IT Support 101: Upgrading RAM on your laptop or desktop

Updated: May 14, 2020

You can't just slot a RAM in your laptop or desktop and hope for the best!

Upgrading RAM on your laptop or computer

The times have changed, especially when it comes to RAM or random access memory. Since the takeover of 64-bit computing in the early 2000s, there is a popular idea of the potential for limitless RAM. While that may be true, theoretically, this does not apply in the working world.

If you are trying to upgrade RAM, you need to learn some fundamentals before being able to do so successfully. Let us go through essential points you should take note of, before purchasing RAM and upgrading either your laptop or desktop computer.

RAM form factors : Upgrading RAM on your laptop or computer

Form Factors

Upgrading RAM on your laptop or desktop

The two main form factors you need to note are DIMMs: designed for desktop motherboards and SODIMMs: designed for laptops.

Of course, many know this, but we felt to touch upon this briefly, so you know the difference.

Upgrading RAM on your laptop or computer

DDR or Double Data Rate

Upgrading RAM on your laptop or desktop

The current standard for RAM is DDR SDRAM. Right now, the most advanced standard readily available is the DDR4 standard. However, this does not mean that you should immediately purchase the best DDR4 RAM for your system. Your desktop motherboard or laptop might only support DDR3 RAM, which is why you need to do some due diligence here.

An easy way to find out is to download Speccy and run it. Speccy is a free and fantastic diagnostic tool for your computer.

Speccy : Upgrading RAM on your laptop or computer

If you look at the RAM summary, it tells you if you are either DDR3 or DDDR4. And if you look at the speed beside the DDR3, here written as "797MHz", multiply that by two, and you roughly get 1600MHz, which is the transfer rate of your ram. This number also happens to be the standard of the RAM you are currently using; in this case, the standard would be DDR3-1600.

DDR3 standard and module table

RAM Standards and Module type.

Upgrading RAM on your laptop or desktop

As shown in the illustration is a table of the RAM standard and its corresponding module number. This is very important, especially when purchasing a new RAM. Sometimes the packaging shows the Module number instead of the standard. So knowing the interchangeable standard or module could prove useful.

Best to avoid a situation where a retailer refuses to change the RAM for you because you have opened the packaging. Overall, it's a good thing to know.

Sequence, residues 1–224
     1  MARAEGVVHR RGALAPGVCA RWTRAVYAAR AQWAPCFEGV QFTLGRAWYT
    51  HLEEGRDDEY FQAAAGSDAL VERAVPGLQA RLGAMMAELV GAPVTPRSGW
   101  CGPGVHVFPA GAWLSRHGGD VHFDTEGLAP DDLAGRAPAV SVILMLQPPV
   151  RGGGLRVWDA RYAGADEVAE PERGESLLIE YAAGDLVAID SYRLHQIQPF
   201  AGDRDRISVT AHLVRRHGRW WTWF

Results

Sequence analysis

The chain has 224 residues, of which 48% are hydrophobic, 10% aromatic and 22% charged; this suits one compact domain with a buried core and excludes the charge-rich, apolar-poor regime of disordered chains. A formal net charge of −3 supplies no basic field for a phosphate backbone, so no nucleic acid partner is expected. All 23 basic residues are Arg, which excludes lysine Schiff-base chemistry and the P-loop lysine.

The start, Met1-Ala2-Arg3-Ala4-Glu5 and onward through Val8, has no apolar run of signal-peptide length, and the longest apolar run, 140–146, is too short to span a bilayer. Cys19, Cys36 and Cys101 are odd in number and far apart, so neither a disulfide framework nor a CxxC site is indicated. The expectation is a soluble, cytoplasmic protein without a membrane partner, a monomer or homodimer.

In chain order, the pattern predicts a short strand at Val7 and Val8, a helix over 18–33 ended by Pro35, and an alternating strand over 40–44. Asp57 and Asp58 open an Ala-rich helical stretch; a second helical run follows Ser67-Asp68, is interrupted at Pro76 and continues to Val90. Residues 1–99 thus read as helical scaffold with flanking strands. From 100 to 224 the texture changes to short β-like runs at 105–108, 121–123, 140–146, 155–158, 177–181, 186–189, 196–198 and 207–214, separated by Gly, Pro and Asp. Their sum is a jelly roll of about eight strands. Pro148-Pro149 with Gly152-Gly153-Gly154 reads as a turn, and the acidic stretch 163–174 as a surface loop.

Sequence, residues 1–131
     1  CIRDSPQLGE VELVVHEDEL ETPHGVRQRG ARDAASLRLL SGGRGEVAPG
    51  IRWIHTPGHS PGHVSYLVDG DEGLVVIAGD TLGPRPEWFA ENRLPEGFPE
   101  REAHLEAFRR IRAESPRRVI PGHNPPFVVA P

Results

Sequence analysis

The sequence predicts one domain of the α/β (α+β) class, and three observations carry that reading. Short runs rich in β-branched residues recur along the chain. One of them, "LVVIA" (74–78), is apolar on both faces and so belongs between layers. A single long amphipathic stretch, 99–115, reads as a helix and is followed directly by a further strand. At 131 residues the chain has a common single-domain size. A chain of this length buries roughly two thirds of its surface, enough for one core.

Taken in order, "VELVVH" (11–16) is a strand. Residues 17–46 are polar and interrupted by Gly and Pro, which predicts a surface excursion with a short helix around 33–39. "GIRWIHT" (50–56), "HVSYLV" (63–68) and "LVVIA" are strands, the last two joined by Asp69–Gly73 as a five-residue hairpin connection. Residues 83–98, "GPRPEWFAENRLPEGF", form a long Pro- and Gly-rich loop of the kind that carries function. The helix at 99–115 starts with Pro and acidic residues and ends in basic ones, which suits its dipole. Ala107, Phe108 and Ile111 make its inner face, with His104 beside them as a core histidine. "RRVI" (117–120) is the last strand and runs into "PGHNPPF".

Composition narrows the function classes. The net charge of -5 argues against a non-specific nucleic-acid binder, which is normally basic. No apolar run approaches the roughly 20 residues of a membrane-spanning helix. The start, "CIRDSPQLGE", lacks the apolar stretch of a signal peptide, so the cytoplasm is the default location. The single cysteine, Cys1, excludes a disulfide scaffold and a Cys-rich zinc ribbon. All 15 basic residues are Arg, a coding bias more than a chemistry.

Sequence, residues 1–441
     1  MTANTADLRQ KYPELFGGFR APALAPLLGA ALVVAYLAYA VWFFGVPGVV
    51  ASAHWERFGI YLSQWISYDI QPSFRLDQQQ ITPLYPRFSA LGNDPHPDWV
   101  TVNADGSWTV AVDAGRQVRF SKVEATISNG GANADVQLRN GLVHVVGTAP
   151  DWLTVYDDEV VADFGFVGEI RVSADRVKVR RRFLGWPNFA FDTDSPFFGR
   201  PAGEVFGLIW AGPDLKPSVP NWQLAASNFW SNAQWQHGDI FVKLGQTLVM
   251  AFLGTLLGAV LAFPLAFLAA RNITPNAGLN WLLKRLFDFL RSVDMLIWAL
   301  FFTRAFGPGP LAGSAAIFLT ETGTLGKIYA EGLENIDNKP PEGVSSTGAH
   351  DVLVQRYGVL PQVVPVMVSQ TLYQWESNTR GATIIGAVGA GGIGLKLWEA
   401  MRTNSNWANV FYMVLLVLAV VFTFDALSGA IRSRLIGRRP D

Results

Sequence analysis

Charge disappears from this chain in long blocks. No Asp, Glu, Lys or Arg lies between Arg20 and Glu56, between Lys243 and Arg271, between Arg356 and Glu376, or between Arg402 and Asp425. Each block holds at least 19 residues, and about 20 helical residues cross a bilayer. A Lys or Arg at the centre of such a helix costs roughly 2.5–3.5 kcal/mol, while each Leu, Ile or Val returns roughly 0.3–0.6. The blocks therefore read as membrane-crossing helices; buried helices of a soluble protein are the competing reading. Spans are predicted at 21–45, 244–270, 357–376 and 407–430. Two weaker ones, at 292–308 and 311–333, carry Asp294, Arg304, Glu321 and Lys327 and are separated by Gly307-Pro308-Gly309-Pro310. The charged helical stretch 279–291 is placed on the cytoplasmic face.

There is a limit to Speccy, while it may show you the standard of the RAM installed on your motherboard, this may not necessarily reflect the maximum standard you can affix. The best way to do this is to either google the full tech spec of your laptop, refer here on how to find your laptop model

Alternatively, if you are using a custom desktop, you need the exact model number of your motherboard, which you can also find from Speccy. Read the full tech specs, and you can see the maximum RAM supported in this format: "DDR3 SDRAM (1600MHz ) 2 slots supporting 2G, 4GB, 8GB7 DIMMs". Of course, different manufacturers have their formats, which are more or less the same. Here you can determine that the maximum standard would be DDR3-1600 with each slot supporting up to 8GB of RAM each.

Upgrading RAM on your laptop or computer

Maximum RAM or memory

Upgrading RAM on your laptop or desktop

For laptops and ready-made desktops, with brands such as Dell or HP, you can easily find the maximum RAM they can support in terms of size by GB.

Of course, on the other hand, if you are a custom builder, the maximum size ram you can install varies and depends on your motherboard, operating system, and CPU.

Say you are on a 64-Bit Windows Professional, the maximum RAM is 2TB. If you are on a 64-Bit Windows Home Edition, the maximum ram is 128GB instead.

Now that is not all, next thing we need to look at is the processor or CPU. As long as the CPU can take an X amount of RAM, you can be assured; the motherboard can handle too. Especially when you have a motherboard which can accept i3, i5 or i7 processors (or if you are an AMD user the would be Ryzen 3, 5 or 7), let's not talk about 9 for now. An excellent resource for this is:

Wikichip is a Wikipedia of almost every chip ever made. Here you can easily find, on the right-hand column, the Max Memory.


Upgrading RAM on your laptop or desktop

Last but not least is the installation itself. We won't show you how to do it; there are better videos and blogs out there that can do that for you. And we also don't want to appear too patronizing. What we wanted with this article was to explain, at a higher level, the other crucial aspect of upgrading a RAM.

Thank you for reading 'IT Support 101: Upgrading RAM on your laptop or desktop' and we hope you have a wonderful day.

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